The Ninth Floor Book Review
|Title:||The Ninth Floor|
|Published:||2013, Create Space|
|No. of Pages:||264|
|Cover Price:||$13.99 US|
Things haven’t been going well for Ryan Sterling lately. Her boyfriend for the past 10 years, Briggs Burke – the love of her life – just left her. Aunt Bee, who was the only family member Ryan has been close to, is in the hospital with a serious illness; Ryan must return to Goodson Hollow, her home town, after 10 years of being away, to look after her Aunt’s store, and face her wealthy powerful family who sent her away years before.
Aunt Bee is in the local hospital, St. Michaels, the ninth floor of which has been locked off for years. There are rumors that the ninth floor is not only haunted, but also has an ongoing evil presence. The hospital workers are forbidden from discussing anything that has happened in the past on that floor, and when a patient rants about the evil, she suddenly dies. Ryan asks two nurses about what happened years ago, and although they refuse to discuss it but offer a few subtle hints, they both end up dead. Other murders and attempted murders continue to occur at the hospital, and patients, including Aunt Bee begin to hear voices calling their names. Ryan hears voices, too, and unattended doors slam and padlocks suddenly become unlocked.
Bee is pushing Ryan to get into a relationship with her young, good looking doctor, Jack Sadler; Ryan thinks it’s too soon, and is reluctant, although Dr. Sadler aggressively pursues her. One of Ryan’s roommates from college, offers to help run Aunt Bee’s store, and fix up the apartment on top so that Ryan will have a place to stay. Ryan, determined to get to the bottom of the strange events, researches the past and discovers that none of the babies born on the ninth floor during the time it was a maternity ward survived, and also that her family gave millions to the hospital and bought the local newspaper to cover it up. Bee doesn’t seem to be recovering, and exhibits signs of a dual personality. A night nurse who introduces herself as “Paula (page 141),” tells Ryan that Bee was sleepwalking. Later when nurse Paula jumps from the ninth floor, she is referred to as “Peggy (Page 166).” Which is it?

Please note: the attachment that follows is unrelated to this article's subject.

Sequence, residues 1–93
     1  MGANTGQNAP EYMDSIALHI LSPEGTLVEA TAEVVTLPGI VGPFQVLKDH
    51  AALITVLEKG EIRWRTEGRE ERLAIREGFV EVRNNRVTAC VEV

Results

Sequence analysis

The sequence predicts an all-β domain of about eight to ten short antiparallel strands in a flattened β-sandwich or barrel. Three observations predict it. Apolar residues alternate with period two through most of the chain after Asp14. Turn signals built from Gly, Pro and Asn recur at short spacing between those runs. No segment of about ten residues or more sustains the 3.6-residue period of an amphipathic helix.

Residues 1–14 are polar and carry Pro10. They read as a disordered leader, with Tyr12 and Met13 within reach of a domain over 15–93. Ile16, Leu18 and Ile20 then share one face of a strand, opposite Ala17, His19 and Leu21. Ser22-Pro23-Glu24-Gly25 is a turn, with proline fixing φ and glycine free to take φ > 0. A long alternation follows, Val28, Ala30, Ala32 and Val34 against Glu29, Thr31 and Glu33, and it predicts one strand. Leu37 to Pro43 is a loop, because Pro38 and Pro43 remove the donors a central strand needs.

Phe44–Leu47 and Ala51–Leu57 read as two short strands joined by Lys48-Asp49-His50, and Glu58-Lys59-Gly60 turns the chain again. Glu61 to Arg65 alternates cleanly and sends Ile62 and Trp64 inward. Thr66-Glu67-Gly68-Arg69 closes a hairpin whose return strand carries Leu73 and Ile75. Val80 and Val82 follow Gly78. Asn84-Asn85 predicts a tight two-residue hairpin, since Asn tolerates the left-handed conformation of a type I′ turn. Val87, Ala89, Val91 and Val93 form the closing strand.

The suspense in this novel is palpable throughout; it seems there is evil around every corner, and readers will be fearful for Ryan, Aunt Bee, and Ryan’s family members. It also seems that something supernatural is the cause of the dark events of the past, as well as what is occurring in the present. As Ryan uncovers more information, she finally learns who is responsible for the recent murders and finds her life is in danger. While the book is quite well written, there are a few editing errors (page 68 “me be sent me away”), (Page 57 “I use to cry” instead of used to cry), and (page 80 “He chin tilted”). Also (page 101 “fallen. .”) and a word left out (page 154 “decided to some time” – spend some time?). Despite the editing errors, and the fact that even though the murderer and his motives are revealed, the so-called supernatural phenomena is never fully explained or resolved. The story however, is good, the characters are believable, and there is enough suspense throughout to keep the readers’ interest. The Ninth Floor is a very quick and enjoyable read, and definitely worth a few hours of your time.
Special thanks to PJ Nunn of Breakthrough Publications for supplying a review copy of this book.
This book may be purchased at Amazon: The Ninth Floor (Kindle Edition) The Ninth Floor (Paperback)
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